A recent study suggests that autonomous vehicles aren't accepted yet by about half of the public. While women are reticent about driverless due to fears about their safety, men worry more about losing the joy of being behind the wheel.
A newly released study from the University of Michigan Transportation Research Institute finds that around 10 percent of people riding in an autonomous car might experience motion sickness, if they aren't paying attention to the road.
Females Surveyed Also Have Greater Safety Concerns
Drivers are intrigued by the benefits of self-driving cars, but they remain concerned about the safety and cost such vehicles could introduce into the marketplace, according to a study published by the University of Michigan Transportation Research Institute in late July.
An increasing number of people are starting to consider the potential downsides of a transition to autonomous cars. The FBI is already looking at them for the potential ill effects on law enforcement, and a scientist for Toyota is raising the possibility that driverless vehicles could actually be detrimental to the environment over the long term.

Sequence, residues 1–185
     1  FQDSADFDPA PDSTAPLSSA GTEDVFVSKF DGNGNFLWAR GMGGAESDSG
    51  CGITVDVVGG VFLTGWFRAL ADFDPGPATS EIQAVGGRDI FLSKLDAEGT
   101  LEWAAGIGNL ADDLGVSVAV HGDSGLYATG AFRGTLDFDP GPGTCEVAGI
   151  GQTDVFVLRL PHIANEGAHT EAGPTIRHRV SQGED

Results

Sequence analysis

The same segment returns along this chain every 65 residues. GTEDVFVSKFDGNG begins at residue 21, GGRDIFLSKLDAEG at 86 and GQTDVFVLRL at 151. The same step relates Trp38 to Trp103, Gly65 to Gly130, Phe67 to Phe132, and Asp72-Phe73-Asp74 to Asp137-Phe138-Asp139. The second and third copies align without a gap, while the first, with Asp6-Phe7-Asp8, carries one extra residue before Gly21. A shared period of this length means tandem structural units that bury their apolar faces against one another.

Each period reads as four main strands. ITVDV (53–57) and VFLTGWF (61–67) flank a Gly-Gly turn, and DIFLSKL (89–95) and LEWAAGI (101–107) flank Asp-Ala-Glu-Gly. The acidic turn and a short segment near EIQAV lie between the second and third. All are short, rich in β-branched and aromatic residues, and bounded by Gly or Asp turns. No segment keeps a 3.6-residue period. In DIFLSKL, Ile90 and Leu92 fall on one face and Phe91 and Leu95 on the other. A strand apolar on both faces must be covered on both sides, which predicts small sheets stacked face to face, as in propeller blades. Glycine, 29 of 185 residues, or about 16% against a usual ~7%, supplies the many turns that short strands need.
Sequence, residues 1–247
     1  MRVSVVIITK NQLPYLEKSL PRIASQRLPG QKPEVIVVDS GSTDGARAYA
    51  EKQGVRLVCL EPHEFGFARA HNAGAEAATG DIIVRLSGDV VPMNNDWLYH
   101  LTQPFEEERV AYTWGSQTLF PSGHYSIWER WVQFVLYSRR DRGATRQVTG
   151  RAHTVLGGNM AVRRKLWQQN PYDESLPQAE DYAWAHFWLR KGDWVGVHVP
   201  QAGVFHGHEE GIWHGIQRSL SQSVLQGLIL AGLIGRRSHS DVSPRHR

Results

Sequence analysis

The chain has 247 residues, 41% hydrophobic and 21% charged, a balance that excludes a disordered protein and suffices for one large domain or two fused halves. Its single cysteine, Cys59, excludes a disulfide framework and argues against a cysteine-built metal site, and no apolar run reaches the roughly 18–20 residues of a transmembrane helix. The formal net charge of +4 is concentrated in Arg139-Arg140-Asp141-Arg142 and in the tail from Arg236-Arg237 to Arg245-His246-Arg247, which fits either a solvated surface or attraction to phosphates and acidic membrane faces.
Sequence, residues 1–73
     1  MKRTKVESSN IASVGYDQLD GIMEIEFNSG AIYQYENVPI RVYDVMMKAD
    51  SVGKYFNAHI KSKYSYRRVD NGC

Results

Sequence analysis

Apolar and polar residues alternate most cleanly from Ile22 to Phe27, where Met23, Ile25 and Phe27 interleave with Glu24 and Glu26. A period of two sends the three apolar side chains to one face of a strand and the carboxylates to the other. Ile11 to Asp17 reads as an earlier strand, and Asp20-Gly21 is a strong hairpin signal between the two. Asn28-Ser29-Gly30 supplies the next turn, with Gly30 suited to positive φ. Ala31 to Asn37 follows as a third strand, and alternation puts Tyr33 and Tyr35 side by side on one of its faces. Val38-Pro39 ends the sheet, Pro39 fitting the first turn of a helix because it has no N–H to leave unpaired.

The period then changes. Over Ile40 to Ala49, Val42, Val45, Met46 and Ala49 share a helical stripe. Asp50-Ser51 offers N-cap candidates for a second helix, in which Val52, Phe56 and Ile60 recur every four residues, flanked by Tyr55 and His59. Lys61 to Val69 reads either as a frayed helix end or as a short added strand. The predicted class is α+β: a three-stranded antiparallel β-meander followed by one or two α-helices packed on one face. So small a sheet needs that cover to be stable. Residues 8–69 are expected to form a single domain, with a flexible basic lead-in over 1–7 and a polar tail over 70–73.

At what point does a car cease to be a car and start becoming a people-mover? One survey hints that we're less than two decades away from that eventuality. Whether auto enthusiasts think that's a good thing is another matter altogether.
Google's self-driving car caused a stir last week with people debating whether they would really want to give up complete control of a vehicle to a vehicle. The tech giant has been working with autonomous versions of the Toyota Prius and Lexus RX for years, but if the situation ever got a little too much like Westworld, the driver could always take over. Its latest creation eschews that ability, putting the computers entirely in control. Comedian Conan O'Brien realized that there still could be
Roush has a pretty booming business. Not only does it build some seriously raucous Ford-based products, but it's also got its fingers in racing, transportation and military manufacturing. Now, rumor has it that Roush might be adding one more feather to its cap, as it may be in cahoots with Google to build the California tech giant's new fully autonomous car.
Welcome to the future, friends. Google has unveiled its first self-driving car. This isn't like past attempts, though. It's not a Toyota Prius or Lexus RX with a bunch of bulky computer equipment, but Google's very own car, built from scratch. That'd be a big enough deal in and of itself, but this car is exciting for another reason – there are no manual controls. No brake pedal, gas pedal, gear shift or steering wheel. It's completely and totally autonomous, requiring nothing more than an